The fourth-edition of mega Science, Arts and Crafts Exhibition at Priyanka’s Vidyodaya High School, drew a huge crowd here, on Sunday.
As many as 2,200 exhibits were displayed by 1,800 students from nursery to Class X with each class working on a different theme. Nursery children displayed paintings of fruits, vegetables, animals and birds. ‘Charminar’, ‘Victoria Memorial’, ‘Church’, ‘Gurudwara’, ‘railway station’, ‘cricket stadium’, ‘India Gate’, ‘Taj Mahal’ and ‘Red Fort’ were a few exhibits worked upon by Class I students.
‘Geo-thermal energy’, ‘water cycle’, ‘global warming’, ‘urban occupation’, ‘types of pollution’, ‘history of early man’, ‘satellite communication’, ‘structure of the earth’ and many more formed part of the exhibition.
It was not just students who had put up their exhibits, even teachers involved themselves with interesting themes like ‘solar system’, ‘Indira Gandhi Zoological Park’, ‘different forms of terrace’, ‘early man civilization’ and deities made with chalk and pencil nibs, among others.
Going through the exhibits at the school, deputy district education officer, C.V. Renuka, appreciated the students and the teachers for the effort taken. Reiterating facts about the exhibition, the headmaster and secretary of the school, D. Bhagirath Kumar, said, “We organise such exhibitions once every three years. The credit goes to the collaborative effort wherein students, teachers and parents involved themselves.”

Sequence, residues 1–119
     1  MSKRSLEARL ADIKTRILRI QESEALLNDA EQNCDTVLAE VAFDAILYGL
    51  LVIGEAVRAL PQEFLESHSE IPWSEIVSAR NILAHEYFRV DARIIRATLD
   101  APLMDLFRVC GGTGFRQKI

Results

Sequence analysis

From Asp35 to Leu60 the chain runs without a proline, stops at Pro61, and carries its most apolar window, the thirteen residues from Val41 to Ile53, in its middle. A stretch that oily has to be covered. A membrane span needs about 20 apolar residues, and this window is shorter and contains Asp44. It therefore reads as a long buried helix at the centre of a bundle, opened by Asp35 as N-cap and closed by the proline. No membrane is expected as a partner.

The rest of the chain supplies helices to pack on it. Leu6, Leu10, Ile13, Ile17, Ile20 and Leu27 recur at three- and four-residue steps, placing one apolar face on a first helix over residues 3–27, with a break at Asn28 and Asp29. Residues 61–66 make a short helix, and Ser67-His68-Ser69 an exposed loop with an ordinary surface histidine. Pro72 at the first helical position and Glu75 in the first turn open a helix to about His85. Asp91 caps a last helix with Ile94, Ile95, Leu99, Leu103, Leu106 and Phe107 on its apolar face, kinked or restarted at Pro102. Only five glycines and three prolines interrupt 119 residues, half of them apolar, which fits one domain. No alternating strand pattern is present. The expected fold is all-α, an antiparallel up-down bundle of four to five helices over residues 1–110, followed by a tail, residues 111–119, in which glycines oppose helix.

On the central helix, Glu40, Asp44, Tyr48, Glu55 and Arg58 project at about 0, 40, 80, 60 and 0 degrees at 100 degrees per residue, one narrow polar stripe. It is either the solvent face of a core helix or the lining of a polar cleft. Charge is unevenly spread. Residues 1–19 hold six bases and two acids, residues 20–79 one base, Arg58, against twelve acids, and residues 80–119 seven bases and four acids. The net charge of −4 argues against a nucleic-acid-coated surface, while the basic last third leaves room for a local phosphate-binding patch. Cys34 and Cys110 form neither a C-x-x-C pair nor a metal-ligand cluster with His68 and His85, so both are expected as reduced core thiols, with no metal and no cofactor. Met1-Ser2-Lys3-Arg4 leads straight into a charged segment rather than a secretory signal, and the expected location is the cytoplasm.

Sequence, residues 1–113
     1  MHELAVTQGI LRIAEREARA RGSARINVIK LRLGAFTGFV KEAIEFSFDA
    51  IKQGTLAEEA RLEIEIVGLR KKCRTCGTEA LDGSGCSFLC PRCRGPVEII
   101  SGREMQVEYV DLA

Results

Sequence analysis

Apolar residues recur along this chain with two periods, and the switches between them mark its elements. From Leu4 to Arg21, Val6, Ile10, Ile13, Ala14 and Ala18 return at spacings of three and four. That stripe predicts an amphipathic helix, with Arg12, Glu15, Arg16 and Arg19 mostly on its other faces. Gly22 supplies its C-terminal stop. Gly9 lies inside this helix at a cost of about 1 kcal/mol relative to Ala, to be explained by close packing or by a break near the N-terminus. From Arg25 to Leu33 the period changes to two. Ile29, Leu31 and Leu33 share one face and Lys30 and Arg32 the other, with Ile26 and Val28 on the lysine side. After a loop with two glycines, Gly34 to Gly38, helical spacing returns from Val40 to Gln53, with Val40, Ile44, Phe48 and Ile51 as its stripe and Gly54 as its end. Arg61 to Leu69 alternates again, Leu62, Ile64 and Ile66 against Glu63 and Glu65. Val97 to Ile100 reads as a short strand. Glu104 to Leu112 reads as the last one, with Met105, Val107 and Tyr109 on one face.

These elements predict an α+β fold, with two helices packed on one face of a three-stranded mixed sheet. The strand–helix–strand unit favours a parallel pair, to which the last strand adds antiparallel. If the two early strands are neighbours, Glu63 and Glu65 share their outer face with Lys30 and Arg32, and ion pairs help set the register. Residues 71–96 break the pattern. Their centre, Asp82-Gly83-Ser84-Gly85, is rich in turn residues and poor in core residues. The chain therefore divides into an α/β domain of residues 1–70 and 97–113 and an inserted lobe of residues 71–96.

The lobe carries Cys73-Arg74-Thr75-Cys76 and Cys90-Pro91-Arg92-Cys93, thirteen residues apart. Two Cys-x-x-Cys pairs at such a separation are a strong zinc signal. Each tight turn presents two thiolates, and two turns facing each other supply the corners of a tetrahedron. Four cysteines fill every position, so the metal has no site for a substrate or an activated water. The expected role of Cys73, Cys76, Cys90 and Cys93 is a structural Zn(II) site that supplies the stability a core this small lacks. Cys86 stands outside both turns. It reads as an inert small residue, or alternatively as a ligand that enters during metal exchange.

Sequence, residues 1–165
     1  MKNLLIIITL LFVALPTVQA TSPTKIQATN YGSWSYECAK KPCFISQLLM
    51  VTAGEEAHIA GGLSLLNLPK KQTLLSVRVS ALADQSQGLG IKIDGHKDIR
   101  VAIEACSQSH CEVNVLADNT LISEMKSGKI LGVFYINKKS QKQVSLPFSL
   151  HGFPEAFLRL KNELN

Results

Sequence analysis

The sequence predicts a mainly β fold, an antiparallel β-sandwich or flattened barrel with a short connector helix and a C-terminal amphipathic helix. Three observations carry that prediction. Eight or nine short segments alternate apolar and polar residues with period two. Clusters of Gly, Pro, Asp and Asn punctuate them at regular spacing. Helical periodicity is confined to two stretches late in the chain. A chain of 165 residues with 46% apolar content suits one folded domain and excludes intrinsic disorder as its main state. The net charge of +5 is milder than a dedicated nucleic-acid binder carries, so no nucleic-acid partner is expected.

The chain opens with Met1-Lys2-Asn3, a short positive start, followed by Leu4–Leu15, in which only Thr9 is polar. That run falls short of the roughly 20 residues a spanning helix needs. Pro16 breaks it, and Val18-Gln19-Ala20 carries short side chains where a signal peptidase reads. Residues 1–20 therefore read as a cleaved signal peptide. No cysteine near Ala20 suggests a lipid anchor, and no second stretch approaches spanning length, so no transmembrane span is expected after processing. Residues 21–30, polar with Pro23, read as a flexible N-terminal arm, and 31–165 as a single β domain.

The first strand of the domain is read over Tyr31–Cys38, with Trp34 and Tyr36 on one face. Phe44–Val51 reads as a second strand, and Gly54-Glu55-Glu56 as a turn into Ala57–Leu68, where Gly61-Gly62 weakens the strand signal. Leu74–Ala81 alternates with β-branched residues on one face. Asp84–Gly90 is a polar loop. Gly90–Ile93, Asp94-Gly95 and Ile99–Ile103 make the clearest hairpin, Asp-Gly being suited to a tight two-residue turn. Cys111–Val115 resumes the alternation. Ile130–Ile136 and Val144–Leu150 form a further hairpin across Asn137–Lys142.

Administration officer of the school, Devi, and teachers Surya Kala, Rajat and others were present.
In education, the term exhibition refers to projects, presentations, or products through which students “exhibit” what they have learned, usually as a way of demonstrating whether and to what degree they have achieved expected learning standards or learning objectives. An exhibition is typically both a learning experience in itself and a means of evaluating academic progress and achievement.
Defining exhibition is complicated by the fact that educators use many different terms when referring to the general concept, and the terms may or may not be used synonymously from place to place. For example, the terms capstone exhibition, culminating exhibition, learning exhibition, exhibition of learning, performance exhibition, senior exhibition, or student exhibition may be used, in addition to capstone, capstone experience, capstone project, demonstration of learning, performance demonstration, and many others. Educators may also create any number of homegrown terms for exhibitions—far too many to catalog here.
In contrast to worksheets, quizzes, tests, and other more traditional approaches to assessment, an exhibition may take a wide variety of forms in schools:
- Oral presentations, speeches, or spoken-word poems
- Video documentaries, multimedia presentations, audio recordings, or podcasts